What is BPD like ?
Those with borderline personality disorder (BPD) have extremely negative, distorted views of themselves, characterized by low feelings of self-worth. This leads to problems creating and maintaining relationships with others. Though their beliefs and behaviours stem from feelings of inadequacy, people with the BPD may offend and ostracize others or make inappropriate comments, while exerting moodiness, and experiencing occasional outbursts of anger.
A person with a borderline personality disorder will not know that how they feel, and think is atypical, maladaptive, or potentially destructive, until someone sits down with them and explains it all thoroughly.
What therapy is best for BPD?
Dialectical Behaviour therapy (DBT) is designed specifically to treat borderline personality disorder.
What Does Borderline Personality Disorder Look Like in Teens and Young Adults?
- Teens with borderline personality disorder may be aware and feel guilt over the effects of their behaviour on others, and yet, may be unable to change or behave differently on their own.
- The aftermath of their compulsive behaviour and the resulting guilt can ultimately lead to even more negative feelings about themselves, and even depression.
- A teen with borderline personality disorder exhibits inflexible and maladaptive (destructive) personality traits, with chronically bad behaviour leading to impairment in everyday life.
Different Types of Teen Borderline Personality Disorder
Discouraged Borderline – characterized by depression, a grave or serious demeanor, outbursts of anger, and reckless, harmful behaviour.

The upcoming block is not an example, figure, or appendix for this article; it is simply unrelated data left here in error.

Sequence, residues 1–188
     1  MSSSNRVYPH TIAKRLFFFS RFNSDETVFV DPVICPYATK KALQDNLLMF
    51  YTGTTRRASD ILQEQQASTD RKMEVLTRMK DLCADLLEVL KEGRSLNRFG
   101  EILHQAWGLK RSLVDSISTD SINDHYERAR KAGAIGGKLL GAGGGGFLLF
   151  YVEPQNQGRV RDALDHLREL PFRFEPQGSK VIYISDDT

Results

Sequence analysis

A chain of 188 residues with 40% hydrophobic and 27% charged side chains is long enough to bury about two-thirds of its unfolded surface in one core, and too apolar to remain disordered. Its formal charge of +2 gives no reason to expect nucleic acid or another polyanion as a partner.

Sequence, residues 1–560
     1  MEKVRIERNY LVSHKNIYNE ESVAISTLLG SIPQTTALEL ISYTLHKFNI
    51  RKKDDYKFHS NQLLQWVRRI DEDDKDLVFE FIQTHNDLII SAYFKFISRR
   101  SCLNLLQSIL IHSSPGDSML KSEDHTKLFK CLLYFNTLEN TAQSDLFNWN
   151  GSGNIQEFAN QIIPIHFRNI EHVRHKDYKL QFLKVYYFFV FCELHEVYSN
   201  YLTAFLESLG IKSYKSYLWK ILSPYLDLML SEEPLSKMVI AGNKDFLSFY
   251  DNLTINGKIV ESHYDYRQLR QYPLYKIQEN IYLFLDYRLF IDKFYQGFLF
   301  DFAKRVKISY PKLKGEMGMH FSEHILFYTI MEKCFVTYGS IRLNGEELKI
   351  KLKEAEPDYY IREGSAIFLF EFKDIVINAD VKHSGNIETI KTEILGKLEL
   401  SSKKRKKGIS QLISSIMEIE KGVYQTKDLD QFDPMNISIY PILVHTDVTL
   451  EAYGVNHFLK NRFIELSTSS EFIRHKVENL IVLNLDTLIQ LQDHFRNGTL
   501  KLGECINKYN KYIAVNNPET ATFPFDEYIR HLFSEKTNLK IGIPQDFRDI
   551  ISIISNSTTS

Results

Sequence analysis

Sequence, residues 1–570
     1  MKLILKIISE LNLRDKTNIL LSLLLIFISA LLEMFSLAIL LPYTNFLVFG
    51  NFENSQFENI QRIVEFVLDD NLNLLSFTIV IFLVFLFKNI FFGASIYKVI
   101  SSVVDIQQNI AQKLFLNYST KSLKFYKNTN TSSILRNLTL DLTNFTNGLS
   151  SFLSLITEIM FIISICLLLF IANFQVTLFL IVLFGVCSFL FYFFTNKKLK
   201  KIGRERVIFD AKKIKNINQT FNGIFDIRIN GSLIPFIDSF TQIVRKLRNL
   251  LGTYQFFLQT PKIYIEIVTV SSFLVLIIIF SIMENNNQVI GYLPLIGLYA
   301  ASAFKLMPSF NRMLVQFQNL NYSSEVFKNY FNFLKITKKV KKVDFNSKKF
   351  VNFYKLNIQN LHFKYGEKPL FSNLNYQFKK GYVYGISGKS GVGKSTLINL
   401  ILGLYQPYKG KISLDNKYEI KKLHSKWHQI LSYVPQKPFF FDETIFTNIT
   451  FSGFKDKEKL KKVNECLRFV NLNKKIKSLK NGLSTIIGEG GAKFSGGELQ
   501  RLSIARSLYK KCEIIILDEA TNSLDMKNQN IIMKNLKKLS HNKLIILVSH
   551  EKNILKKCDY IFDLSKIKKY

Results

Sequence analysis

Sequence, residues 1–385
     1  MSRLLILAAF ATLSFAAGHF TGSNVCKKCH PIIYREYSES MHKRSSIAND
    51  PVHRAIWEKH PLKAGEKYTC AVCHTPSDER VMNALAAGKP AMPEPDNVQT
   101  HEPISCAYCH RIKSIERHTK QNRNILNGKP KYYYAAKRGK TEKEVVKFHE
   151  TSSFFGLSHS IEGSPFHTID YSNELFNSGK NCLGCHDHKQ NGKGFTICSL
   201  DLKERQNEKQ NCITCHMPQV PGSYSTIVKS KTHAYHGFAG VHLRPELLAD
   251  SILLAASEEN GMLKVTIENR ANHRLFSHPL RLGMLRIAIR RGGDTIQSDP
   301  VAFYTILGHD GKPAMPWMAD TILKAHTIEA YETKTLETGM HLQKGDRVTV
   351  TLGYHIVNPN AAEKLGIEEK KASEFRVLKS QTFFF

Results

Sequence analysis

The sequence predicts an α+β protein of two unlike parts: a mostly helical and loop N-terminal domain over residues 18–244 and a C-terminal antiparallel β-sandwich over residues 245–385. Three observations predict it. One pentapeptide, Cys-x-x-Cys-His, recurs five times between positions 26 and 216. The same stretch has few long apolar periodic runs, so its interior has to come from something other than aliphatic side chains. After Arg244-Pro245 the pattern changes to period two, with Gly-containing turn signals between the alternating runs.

Impulsive Borderline – characterized by risk-taking and thrill-seeking, flirtatiousness, extreme need and desire for attention, and dangerous and risky social behaviour.
Petulant Borderline – characterized by difficulty maintaining relationships, moodiness and gloominess, fear of disappointing others, a bad temper, and anxiety and fear about being unloved.
Self-Destructive Borderline – characterized by people turning their negative outlook about life onto themselves, carried out in punishing, harmful behaviours such as eating disorders, substance abuse, and other reckless behaviour.
What Are The Causes Of Teen Borderline Personality Disorder?
It’s important to understand that personality disorders in general are quite rare, and while they are triggered mostly through forms of stress, there is no way of concretely knowing whether a teen will develop a personality disorder in response to stress or not. It isn’t known what exactly in the brain causes borderline personality disorders in teens, but there are various risk factors that contribute to one happening:
Genetics – The biggest indication of a potential personality disorder is a family history of personality disorders, particularly if a close relative also struggled with a borderline personality disorder.
Trauma and abuse – a single highly traumatic event or series of events early on in a teen’s formative years can be severely psychologically scarring, creating deep-seated issues, and potentially leading to self-esteem issues, post-traumatic stress and anxiety, dissociation, and personality disorders.
Stress at home or in school – chronic, unaddressed stress, relationship issues coming to a dramatic end, unstable and invalidating relationships and interpersonal conflict are a few possible forms of stress severe enough